California Denies Parole for Ill "Onion Field" Killer

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    NEWSLETTERS

    AP
    This undated photo provided by the California Department of Corrections and Rehabilitation shows Gregory Powell, who is serving a life sentence for the 1963 killing of a Los Angeles Police officer.

    The California parole board on Tuesday denied compassionate release for the man convicted of killing a Los Angeles police officer during a kidnapping chronicled in the book "The Onion Field."
     
    Gregory Powell, 77, has terminal cancer and is serving a life sentence for kidnapping police officers Ian Campbell and Karl Hettinger in 1963. He fatally shot Campbell in an onion field near Bakersfield, while Hettinger escaped. He did not attend the hearing in Sacramento.

    The state panel voted 10-1 against recommending his release to a judge because it said Powell still poses a threat. The board also said Powell does not wish to be released and likely would be uncooperative if granted parole.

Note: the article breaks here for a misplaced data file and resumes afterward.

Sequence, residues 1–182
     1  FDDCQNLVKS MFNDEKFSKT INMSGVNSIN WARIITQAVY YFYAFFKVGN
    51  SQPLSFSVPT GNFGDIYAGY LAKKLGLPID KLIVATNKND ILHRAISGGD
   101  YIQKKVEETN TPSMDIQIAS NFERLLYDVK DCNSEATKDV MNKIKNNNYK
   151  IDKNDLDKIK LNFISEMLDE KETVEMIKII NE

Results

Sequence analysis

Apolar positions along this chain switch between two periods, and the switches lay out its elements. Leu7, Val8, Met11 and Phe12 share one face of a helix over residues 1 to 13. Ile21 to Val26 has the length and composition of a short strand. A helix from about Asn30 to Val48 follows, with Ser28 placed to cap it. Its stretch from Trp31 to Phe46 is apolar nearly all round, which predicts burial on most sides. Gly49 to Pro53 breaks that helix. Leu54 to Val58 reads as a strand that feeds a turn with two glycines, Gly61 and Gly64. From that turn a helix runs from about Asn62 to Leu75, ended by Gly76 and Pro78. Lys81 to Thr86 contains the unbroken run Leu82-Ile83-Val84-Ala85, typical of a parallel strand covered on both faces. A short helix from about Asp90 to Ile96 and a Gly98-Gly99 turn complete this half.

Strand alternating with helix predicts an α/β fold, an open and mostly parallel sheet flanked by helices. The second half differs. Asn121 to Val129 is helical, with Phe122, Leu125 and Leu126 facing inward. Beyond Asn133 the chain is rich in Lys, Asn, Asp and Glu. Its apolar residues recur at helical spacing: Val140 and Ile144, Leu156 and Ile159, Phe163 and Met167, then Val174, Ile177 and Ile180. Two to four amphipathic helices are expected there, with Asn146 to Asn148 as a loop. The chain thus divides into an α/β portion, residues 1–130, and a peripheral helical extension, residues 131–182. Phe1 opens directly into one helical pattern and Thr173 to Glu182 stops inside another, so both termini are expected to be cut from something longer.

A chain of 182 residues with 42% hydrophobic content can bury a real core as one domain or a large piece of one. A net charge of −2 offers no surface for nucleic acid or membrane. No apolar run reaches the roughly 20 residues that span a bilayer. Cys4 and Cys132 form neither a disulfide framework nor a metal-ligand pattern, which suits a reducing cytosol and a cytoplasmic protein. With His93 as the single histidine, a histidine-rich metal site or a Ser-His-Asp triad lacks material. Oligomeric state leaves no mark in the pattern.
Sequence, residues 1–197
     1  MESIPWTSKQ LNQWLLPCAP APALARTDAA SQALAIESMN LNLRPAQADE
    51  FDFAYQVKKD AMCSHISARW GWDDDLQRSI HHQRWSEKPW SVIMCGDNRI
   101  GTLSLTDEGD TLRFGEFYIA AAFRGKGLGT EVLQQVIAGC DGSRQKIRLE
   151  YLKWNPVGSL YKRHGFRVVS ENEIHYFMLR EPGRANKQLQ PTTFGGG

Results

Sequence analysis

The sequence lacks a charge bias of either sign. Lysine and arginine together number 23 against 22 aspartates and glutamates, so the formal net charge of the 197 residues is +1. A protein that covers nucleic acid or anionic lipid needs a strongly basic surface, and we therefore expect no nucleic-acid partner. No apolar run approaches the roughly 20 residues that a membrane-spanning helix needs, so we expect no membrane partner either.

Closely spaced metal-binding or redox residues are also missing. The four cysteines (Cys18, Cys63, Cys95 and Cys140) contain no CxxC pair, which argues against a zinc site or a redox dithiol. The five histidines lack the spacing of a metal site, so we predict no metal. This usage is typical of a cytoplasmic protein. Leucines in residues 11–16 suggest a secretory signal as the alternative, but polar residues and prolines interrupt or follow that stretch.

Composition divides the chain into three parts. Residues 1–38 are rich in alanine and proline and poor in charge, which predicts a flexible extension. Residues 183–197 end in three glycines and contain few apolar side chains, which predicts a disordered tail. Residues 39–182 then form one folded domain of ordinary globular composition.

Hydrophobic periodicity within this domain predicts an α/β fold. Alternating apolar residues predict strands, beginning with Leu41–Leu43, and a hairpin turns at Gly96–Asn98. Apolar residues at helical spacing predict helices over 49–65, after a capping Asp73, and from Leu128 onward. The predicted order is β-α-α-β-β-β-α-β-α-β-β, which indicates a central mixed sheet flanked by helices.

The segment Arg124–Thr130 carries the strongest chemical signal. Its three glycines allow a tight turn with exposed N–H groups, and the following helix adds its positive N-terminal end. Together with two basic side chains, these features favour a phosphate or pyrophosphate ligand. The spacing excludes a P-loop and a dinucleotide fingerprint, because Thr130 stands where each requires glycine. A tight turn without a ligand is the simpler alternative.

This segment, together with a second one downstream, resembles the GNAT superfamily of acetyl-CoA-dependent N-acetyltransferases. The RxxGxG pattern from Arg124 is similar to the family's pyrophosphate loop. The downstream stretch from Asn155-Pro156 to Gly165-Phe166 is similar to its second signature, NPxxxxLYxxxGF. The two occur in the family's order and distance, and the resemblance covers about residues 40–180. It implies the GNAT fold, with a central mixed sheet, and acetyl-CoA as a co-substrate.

"Powell's release would pose a public safety risk due to his history of noncompliance and lack of cooperation with prison rules," the panel stated.

    Under state law, inmates who are not on death row and are eligible for parole are considered for compassionate release once doctors determine they have six months or less to live. The parole board routinely considers making such recommendations to a judge.

    Members of Campbell's family and the union for rank-and-file Los Angeles Police Department officers had urged the parole board to deny Powell's release.

    "We appreciate that the board of parole hearings, having repeatedly found Powell not suitable for parole ... is once again recommending against his release and helping to ensure that he serves the full sentence for his heinous crime," Paul Weber, president of the Los Angeles Police Protective League, said in a statement.

    The case was the subject of a 1973 best-selling, nonfiction book, "The Onion Field" by Joseph Wambaugh, which was turned into a movie in 1979.